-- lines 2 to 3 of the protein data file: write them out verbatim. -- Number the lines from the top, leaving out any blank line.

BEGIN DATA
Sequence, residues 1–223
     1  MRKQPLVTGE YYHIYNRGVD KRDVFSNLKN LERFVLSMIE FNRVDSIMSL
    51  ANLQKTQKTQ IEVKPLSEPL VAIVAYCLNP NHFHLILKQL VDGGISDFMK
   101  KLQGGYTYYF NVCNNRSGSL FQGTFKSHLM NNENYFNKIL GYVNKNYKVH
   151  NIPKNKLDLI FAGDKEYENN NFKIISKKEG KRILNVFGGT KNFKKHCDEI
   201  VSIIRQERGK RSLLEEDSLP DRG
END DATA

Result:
     1  MRKQPLVTGE YYHIYNRGVD KRDVFSNLKN LERFVLSMIE FNRVDSIMSL
    51  ANLQKTQKTQ IEVKPLSEPL VAIVAYCLNP NHFHLILKQL VDGGISDFMK